A missing and endangered 14-year-old girl who ran away from home and was picked up off the streets by a much older man is now safe after being recovered by Hope for Justice.
After her mom contacted us when her daughter first went missing, our investigators quickly established that there were many different reasons to believe she was at high risk of being trafficked. They coordinated with volunteers from among the girl’s family and friends to launch a search party, putting up ‘missing’ posters, canvassing the neighborhood and homeless camps, and reviewing footage from home security cameras and surveillance cameras nearby.
Hope for Justice investigators interviewed more of her friends and relatives to get the facts, and scoured online sources to track her down.
After several days of surveillance and research, someone who had seen one of the missing persons posters called their sheriff’s office and said they had information. Separately, Hope for Justice received information about a Facebook message that had also been sent and, together with police, recovered the teen and brought her home.
Hope for Justice established the key facts about who picked her up off the streets and why, and learned of other potential victims linked to the case. A police department with which we often work closely has now opened an official human trafficking investigation, based on this intelligence. We cannot share more information publicly while the investigation continues and for the protection of the 14-year-old girl.
We are continuing to support the family.
Why does Hope for Justice prioritize finding missing teenagers?
Evidence and studies show that teens who run away from home are at particularly high risk of being targeted for trafficking. The criminals exploit vulnerabilities and create dependency to control their victims, and runaway teens often have multiple vulnerabilities at once, which might include difficult home environments, alcohol or drug problems, and lack of money or safe shelter. A sample of the academic and expert studies on this issue:
- 36% of runaways in one study had traded sex for a place to stay, or another need. Source: National Clearinghouse on Homeless Youth and Families
- 19% of runaway and homeless youth across the U.S. experience sex trafficking, labor trafficking or both. Source: Study by Field Center for Children’s Policy, Practice & Research, and the Loyola University Modern Slavery Research Project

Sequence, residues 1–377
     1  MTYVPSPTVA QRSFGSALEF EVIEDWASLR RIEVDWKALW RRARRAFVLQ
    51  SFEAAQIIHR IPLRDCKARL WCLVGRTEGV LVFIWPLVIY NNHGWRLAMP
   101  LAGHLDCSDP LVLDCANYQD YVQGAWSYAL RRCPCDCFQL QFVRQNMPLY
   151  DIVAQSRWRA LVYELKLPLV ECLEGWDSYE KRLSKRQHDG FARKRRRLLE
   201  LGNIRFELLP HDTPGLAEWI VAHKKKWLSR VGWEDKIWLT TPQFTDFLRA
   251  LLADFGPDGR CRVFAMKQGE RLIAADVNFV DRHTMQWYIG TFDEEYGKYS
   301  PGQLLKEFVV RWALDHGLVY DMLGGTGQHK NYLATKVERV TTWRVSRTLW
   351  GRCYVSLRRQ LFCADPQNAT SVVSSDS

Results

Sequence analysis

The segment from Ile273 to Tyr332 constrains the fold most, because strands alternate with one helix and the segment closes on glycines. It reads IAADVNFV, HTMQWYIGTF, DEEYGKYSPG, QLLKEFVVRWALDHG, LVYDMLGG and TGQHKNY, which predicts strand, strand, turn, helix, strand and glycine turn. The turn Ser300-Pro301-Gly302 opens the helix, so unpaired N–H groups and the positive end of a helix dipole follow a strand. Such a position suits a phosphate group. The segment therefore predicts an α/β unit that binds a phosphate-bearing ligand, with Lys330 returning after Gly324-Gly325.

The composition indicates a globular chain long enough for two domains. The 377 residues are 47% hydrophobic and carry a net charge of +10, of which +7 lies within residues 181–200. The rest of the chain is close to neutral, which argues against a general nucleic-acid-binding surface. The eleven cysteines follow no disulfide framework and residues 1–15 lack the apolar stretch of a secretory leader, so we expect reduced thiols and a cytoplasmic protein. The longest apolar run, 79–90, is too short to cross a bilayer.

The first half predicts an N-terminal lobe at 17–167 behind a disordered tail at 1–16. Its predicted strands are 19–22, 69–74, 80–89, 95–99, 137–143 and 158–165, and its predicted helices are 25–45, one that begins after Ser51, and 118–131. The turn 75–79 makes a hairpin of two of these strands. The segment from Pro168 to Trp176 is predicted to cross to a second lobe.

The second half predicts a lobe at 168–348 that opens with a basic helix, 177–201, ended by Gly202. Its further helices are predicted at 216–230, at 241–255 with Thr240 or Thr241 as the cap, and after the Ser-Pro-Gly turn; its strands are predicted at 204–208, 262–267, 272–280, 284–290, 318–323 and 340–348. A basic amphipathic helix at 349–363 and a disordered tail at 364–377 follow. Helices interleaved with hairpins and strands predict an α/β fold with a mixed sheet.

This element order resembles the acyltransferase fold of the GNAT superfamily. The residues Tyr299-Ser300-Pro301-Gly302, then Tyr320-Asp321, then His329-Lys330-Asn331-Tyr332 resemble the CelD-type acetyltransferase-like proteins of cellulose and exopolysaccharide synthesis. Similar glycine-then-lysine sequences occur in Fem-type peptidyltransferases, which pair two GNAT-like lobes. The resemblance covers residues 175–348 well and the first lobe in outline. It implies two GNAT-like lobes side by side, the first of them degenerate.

- Running from foster care is the most common pathway to sex trafficking victimization. Source: Latzman, N. E., & Gibbs, D. (2020). Examining the link: Foster care runaway episodes and human trafficking. OPRE Report No. 2020-143. Washington, DC: Office of Planning, Research, and Evaluation, Administration for Children and Families, U.S. Department of Health and Human Services
- 1 in 6 of the more than 25,000 cases of children reported missing to National Center for Missing and Exploited Children (NCMEC) in 2021 who had run away were likely victims of child sex trafficking. Source: NCMEC
- 35.8% of runaway and homeless youth report a history of sex trafficking, especially LGBTQ youth (45% reporting this, compared to 28% of heterosexual youth). Source: Roe-Sepowitz, D., Brockie, M. and Bracy, K. (2015). Youth Experiences Survey: Exploring the Sex Trafficking Experiences of Homeless Young Adults in Arizona, Year 2
- Within the first 48 hours of being on the street, 1 in 3 runaway or homeless children are lured into prostitution. Source: National Incidence Studies of Missing, Abducted, Runaway, and Thrownaway Children/NISMART-2
Other studies with similar findings:
Reid, J. A., Baglivio, M. T., Piquero, A. R., Greenwald, M. A., & Epps, N. (2019). No youth left behind to human trafficking: Exploring profiles of risk. American Journal of Orthopsychiatry, 89(6), 704–715.
Greeson, J. K. P., Treglia, D., Wolfe, D. S., & Wasch, S. (2019). Prevalence and Correlates of Sex Trafficking among Homeless and Runaway Youths Presenting for Shelter Services. Social Work Research, 43(2), 91–100